How should businesses improve their security posture to protect their digital assets in the cloud?

The growth of the cloud computing market in South-east Asia is massive and is predicted to reach US$40.32 billion by 2025 as a result of increased demand for cloud computing among enterprises of all sizes.

Recent high-profile attacks and breaches also put the spotlight on the security of data assets in the cloud. What must businesses do to improve their security posture and protect their digital assets?

Gibu Kurian Mathew, Vice President & General Manager (Asia Pacific), ManageEngine and who has worked around the world implementing intelligence-driven platforms to help companies against advanced attacks and threats, shares his expertise and insights on this subject with CybersecAsia

Is automating basic IT and security operations processes the key to improving cybersecurity?

Gibu: Automating basic IT and security operations is crucial because businesses are increasingly using cloud solutions and mobile devices to get their work done, and this increased connectivity exposes users to cyberthreats around the clock.

Using manual mechanisms to secure corporate networks is tedious and not always effective; one reason for this is that the perimeter of corporate data has expanded with technologies like mobile devices that extend beyond the physical walls of a business.

As the tenacity of cyberattacks has increased, implementing newer technologies like artificial intelligence (AI) is vital for securing any IT environment.

Does enabling machine learning provide organizations with a more secure posture?

Gibu: Machine learning (ML) empowers machines and software to do what they do best—perform repetitive tasks. ML solutions can help secure and identify threats in a network more effectively than humans because they work persistently and meticulously to accomplish a given task, such as scanning for anomalous behavior.

With AI capabilities continuously evolving, improved accuracy in identifying security threats and enhancing corporate security is inevitable.

What security measures can they implement especially now that businesses transform in a cloud environment?

Gibu: Due to the popularity of the cloud, data is more mobile and users consume data through more endpoints. Data is now crossing boundaries in ways that might not have been anticipated in the past. Businesses should ensure that all endpoints are covered in their security strategy, including common and often ignored components like web browsers, as these are endpoints that can be exploited as a gateway into the corporate network.

Security measures for hybrid, public, and private cloud environments should also be addressed. This is important, as some organizations may traditionally depend on tools and practices meant for a more controlled on-premises environment that has by design less exposure to external attacks. Problems that arise within the increasingly popular cloud architectures may have multi-dimensional impacts, so organizations that embrace the cloud need enhanced systems in place to provide optimum security.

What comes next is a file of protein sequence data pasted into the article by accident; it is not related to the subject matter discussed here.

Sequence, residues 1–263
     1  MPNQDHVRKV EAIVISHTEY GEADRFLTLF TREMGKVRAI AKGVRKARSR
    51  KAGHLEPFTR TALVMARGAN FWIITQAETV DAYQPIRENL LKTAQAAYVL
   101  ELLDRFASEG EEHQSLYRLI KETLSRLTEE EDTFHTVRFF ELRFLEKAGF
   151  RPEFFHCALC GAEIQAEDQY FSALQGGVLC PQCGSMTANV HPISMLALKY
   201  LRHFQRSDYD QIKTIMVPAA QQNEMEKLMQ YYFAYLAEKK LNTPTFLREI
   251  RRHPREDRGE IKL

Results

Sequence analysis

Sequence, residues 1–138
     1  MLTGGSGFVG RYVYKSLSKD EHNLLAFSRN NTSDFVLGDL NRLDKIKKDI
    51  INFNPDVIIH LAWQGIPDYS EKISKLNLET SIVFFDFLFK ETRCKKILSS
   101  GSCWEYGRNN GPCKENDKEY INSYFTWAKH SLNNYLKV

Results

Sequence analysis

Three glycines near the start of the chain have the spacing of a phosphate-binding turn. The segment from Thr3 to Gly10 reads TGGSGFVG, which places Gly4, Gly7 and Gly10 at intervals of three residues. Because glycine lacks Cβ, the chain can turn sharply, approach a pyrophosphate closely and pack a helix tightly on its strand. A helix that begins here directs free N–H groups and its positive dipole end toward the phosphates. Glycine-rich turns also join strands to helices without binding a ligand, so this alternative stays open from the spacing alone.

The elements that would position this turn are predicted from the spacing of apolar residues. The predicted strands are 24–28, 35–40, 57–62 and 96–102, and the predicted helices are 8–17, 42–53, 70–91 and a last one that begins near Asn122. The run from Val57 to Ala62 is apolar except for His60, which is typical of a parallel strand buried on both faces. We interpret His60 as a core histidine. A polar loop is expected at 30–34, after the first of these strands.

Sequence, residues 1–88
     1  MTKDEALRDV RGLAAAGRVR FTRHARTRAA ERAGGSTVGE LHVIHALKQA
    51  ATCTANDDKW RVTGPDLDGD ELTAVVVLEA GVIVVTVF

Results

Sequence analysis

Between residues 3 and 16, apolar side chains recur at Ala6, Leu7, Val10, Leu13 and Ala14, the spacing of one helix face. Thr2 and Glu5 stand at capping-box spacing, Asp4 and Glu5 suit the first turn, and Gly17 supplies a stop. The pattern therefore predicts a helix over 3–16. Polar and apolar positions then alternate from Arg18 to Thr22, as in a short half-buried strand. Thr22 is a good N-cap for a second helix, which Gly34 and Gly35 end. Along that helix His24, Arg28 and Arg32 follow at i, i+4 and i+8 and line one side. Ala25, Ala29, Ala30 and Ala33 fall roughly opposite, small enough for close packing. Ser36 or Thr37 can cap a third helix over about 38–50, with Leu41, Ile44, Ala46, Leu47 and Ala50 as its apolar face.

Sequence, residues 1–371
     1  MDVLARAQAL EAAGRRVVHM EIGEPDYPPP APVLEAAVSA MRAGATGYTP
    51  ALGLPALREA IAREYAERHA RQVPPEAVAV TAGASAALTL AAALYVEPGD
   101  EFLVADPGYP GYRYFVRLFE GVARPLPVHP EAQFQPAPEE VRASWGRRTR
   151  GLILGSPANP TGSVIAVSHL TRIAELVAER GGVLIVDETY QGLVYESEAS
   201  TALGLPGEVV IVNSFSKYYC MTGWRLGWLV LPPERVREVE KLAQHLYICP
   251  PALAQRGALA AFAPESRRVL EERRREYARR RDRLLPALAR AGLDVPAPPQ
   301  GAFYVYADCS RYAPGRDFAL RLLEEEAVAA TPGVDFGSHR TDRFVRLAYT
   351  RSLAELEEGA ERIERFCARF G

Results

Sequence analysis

How can businesses align their security architecture to overall goals and objectives?

Gibu: Businesses can organize their security architecture by aligning all major elements involved in the security context—data, people, technology, and processes. One of the important ways to align these components is through automation, as this ensures a stronger foundation for developing other projects effectively.

Secondly, robust user education efforts will strengthen the weakest link, people, to ensure the overall goals and objectives of the business are met.

Thirdly, with improvements in ML and AI that help in automating security operations, there is a pressing need for a unified approach to security, as these technologies are only as credible as the data they process. This means organizations have another incentive to include higher levels of digitalization in their processes to facilitate this approach.

Putting all these in context, a security breach can have a huge impact on a company’s brand and financial health. A formidable security posture is imperative for business success.

Where do vulnerabilities of legacy solutions come from, and how do companies solve these?

Gibu: Legacy solutions are built with use cases based on an older way of how people communicate and work with business tools. It was based on practices that had less exposure to external threats by design.

However, thanks to digital transformation, adoption of cloud computing, Internet of Things, AI and other technologies that need data to be accessible for processing, legacy solutions are laden with computing, storage, and networking challenges that can create security gaps.

One of the approaches to resolve this is to have a centralized security solution that unites network, endpoint, and data security into one platform. This should then contextually integrate with solutions like log monitoring and advanced analytics, to enable meaningful inferences and quicker remedies in this modern threatscape.